It is on Amazon.com. here is the whole list:

Joe Celko's Data and Databases : Concepts in Practice 1-55860-432-4

Joe Celko's SQL Programming Style 0-12-088797-5

Joe Celko's SQL Puzzles and Answers 5 1-55860-453-7

Joe Celko's Trees and Hierarchies in SQL for Smarties $34.95

1-55860-920-2

Joe Celko's SQL for Smarties:Advanced SQL Programming Second Edition

1-55860-576-2

Joe Celko's SQL for Smarties (3rd Edition): Advanced SQL Programming

Joe Celko 0-12-369379-9

but I was unable to find a way to get a reference to an identity field [sic] in the same record[sic] <<

Again, if you keep using the wrong terms, you will never see how write

code in a declarative relational language.

Nexr, you should never use IDENTIT. It is not relational and **by

definition** cannot be a key.

There are many ways to represent a tree or hierarchy in SQL. This is

called an adjacency list model and it looks like this:

CREATE TABLE OrgChart

(emp CHAR(10) NOT NULL PRIMARY KEY,

boss CHAR(10) DEFAULT NULL REFERENCES OrgChart(emp),

salary DECIMAL(6,2) NOT NULL DEFAULT 100.00);

OrgChart

emp boss salary

===========================

'Albert' NULL 1000.00

'Bert' 'Albert' 900.00

'Chuck' 'Albert' 900.00

'Donna' 'Chuck' 800.00

'Eddie' 'Chuck' 700.00

'Fred' 'Chuck' 600.00

Another way of representing trees is to show them as nested sets.

Since SQL is a set oriented language, this is a better model than the

usual adjacency list approach you see in most text books. Let us define

a simple OrgChart table like this.

CREATE TABLE OrgChart

(emp CHAR(10) NOT NULL PRIMARY KEY,

lft INTEGER NOT NULL UNIQUE CHECK (lft > 0),

rgt INTEGER NOT NULL UNIQUE CHECK (rgt > 1),

CONSTRAINT order_okay CHECK (lft < rgt) );

OrgChart

emp lft rgt

======================

'Albert' 1 12

'Bert' 2 3

'Chuck' 4 11

'Donna' 5 6

'Eddie' 7 8

'Fred' 9 10

The organizational chart would look like this as a directed graph:

Albert (1, 12)

/ \

/ \

Bert (2, 3) Chuck (4, 11)

/ | \

/ | \

/ | \

/ | \

Donna (5, 6) Eddie (7, 8) Fred (9, 10)

The adjacency list table is denormalized in several ways. We are

modeling both the Personnel and the organizational chart in one table.

But for the sake of saving space, pretend that the names are job titles

and that we have another table which describes the Personnel that hold

those positions.

Another problem with the adjacency list model is that the boss and

employee columns are the same kind of thing (i.e. names of personnel),

and therefore should be shown in only one column in a normalized table.

To prove that this is not normalized, assume that "Chuck" changes his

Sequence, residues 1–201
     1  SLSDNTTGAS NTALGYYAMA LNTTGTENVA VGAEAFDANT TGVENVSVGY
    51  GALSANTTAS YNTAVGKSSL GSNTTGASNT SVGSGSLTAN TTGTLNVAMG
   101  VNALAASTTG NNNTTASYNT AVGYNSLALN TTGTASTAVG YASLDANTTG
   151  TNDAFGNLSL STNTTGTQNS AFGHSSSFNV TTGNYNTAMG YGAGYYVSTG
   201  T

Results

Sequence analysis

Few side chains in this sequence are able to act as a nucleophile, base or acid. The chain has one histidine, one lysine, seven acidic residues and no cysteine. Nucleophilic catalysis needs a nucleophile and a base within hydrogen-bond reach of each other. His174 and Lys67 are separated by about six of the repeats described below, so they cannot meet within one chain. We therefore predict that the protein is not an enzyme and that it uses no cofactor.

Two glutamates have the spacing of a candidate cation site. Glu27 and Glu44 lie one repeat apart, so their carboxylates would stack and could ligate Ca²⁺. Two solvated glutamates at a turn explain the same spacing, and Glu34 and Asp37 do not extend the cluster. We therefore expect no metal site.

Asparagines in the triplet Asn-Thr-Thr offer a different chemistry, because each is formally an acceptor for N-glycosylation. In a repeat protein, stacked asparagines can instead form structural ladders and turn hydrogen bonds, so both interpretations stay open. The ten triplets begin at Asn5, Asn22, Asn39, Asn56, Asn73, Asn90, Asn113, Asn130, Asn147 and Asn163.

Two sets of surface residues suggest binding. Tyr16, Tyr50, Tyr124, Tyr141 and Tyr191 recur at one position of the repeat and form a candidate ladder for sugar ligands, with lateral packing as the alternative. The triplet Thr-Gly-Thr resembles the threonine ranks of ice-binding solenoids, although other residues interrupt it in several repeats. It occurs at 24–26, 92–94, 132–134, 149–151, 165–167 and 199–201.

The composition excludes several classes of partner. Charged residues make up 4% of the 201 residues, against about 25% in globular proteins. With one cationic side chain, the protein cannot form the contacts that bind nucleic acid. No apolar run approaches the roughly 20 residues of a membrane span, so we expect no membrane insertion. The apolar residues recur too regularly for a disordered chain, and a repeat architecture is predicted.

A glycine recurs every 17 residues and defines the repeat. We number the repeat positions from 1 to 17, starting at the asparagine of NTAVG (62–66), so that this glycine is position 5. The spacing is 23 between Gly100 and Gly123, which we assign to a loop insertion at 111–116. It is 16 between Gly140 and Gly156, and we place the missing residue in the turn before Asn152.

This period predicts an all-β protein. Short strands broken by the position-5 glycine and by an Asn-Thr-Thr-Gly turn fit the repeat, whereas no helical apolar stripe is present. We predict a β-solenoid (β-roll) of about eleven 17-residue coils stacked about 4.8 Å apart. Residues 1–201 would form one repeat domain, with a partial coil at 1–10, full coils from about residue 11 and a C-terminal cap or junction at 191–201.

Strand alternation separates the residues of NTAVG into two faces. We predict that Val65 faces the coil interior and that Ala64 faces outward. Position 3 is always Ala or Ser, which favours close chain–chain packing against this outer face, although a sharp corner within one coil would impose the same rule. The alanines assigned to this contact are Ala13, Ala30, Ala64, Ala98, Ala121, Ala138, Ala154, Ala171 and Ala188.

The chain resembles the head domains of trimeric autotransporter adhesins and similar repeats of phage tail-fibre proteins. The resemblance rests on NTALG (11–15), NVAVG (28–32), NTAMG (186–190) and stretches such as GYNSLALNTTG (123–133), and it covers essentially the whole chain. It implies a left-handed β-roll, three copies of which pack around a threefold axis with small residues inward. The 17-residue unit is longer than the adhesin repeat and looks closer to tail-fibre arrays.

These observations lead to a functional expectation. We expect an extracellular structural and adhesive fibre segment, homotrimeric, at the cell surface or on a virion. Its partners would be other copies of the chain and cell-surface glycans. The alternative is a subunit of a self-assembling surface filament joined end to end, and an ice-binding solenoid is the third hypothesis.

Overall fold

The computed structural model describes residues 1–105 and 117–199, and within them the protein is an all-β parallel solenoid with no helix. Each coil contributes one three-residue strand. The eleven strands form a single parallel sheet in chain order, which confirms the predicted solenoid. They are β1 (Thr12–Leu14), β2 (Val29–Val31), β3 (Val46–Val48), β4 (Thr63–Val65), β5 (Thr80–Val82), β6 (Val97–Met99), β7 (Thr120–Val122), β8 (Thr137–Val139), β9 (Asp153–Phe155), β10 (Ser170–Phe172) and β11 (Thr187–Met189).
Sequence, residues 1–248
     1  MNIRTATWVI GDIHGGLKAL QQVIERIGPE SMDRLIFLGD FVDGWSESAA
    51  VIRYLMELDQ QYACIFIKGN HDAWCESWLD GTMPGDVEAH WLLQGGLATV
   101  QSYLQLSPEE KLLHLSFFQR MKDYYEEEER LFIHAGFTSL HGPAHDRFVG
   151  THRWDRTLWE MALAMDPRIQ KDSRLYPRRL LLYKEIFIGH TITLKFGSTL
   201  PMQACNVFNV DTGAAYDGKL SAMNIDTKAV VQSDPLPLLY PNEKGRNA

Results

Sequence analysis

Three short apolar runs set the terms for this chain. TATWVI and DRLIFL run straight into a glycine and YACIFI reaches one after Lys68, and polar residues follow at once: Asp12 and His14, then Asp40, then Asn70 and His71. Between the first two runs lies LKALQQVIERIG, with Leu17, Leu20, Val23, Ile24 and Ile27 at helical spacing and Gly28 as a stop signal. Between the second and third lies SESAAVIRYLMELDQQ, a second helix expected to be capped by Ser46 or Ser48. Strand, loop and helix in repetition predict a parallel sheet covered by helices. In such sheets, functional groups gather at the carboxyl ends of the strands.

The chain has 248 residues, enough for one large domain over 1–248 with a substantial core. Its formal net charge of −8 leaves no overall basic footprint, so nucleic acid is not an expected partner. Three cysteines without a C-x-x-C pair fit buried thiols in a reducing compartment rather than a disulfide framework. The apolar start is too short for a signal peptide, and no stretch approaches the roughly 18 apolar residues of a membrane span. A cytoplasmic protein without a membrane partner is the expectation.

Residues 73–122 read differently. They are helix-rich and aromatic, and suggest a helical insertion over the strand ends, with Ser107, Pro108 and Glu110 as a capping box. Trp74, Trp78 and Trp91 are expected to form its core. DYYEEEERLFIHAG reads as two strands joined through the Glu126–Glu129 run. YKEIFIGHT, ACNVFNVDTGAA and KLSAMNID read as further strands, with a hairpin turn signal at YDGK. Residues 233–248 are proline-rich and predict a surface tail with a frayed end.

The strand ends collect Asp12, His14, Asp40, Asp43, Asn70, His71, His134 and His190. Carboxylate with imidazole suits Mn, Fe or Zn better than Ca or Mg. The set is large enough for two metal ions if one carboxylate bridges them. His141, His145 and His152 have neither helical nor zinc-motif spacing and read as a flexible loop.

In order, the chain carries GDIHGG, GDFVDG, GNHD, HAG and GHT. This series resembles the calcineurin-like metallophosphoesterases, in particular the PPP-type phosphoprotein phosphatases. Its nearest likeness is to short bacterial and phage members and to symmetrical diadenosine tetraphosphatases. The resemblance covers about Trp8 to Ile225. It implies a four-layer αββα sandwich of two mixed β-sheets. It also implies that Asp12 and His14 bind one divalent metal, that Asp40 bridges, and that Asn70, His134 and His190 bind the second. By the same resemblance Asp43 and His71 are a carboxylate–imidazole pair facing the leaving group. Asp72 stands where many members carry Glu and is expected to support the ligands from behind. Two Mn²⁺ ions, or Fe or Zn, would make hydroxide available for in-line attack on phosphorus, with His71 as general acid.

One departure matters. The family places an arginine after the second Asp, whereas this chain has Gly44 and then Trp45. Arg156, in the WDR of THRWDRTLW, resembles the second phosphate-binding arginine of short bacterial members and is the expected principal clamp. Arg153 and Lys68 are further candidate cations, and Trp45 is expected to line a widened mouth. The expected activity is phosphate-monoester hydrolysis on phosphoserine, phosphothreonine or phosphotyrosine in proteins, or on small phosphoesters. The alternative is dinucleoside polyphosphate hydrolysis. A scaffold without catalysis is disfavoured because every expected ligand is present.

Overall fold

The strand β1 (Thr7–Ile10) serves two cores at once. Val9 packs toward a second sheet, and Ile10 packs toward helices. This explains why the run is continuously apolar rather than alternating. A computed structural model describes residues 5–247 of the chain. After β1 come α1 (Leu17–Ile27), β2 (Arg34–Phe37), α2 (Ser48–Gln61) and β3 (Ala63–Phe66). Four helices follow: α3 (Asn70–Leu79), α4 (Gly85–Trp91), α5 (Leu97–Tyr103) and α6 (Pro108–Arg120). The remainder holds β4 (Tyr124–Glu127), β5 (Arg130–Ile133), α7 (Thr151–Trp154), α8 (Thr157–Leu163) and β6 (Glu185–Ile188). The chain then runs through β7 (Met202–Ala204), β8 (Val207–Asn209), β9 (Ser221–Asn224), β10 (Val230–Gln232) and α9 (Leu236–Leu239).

name to "Charles"; you have to change his name in both columns and

several places. The defining characteristic of a normalized table is

that you have one fact, one place, one time.

The final problem is that the adjacency list model does not model

subordination. Authority flows downhill in a hierarchy, but If I fire

Chuck, I disconnect all of his subordinates from Albert. There are

situations (i.e. water pipes) where this is true, but that is not the

expected situation in this case.

To show a tree as nested sets, replace the nodes with ovals, and then

nest subordinate ovals inside each other. The root will be the largest

oval and will contain every other node. The leaf nodes will be the

innermost ovals with nothing else inside them and the nesting will show

the hierarchical relationship. The (lft, rgt) columns (I cannot use the

reserved words LEFT and RIGHT in SQL) are what show the nesting. This

is like XML, HTML or parentheses.

At this point, the boss column is both redundant and denormalized, so

it can be dropped. Also, note that the tree structure can be kept in

one table and all the information about a node can be put in a second

table and they can be joined on employee number for queries.

To convert the graph into a nested sets model think of a little worm

crawling along the tree. The worm starts at the top, the root, makes a

complete trip around the tree. When he comes to a node, he puts a

number in the cell on the side that he is visiting and increments his

counter. Each node will get two numbers, one of the right side and one

for the left. Computer Science majors will recognize this as a modified

preorder tree traversal algorithm. Finally, drop the unneeded

OrgChart.boss column which used to represent the edges of a graph.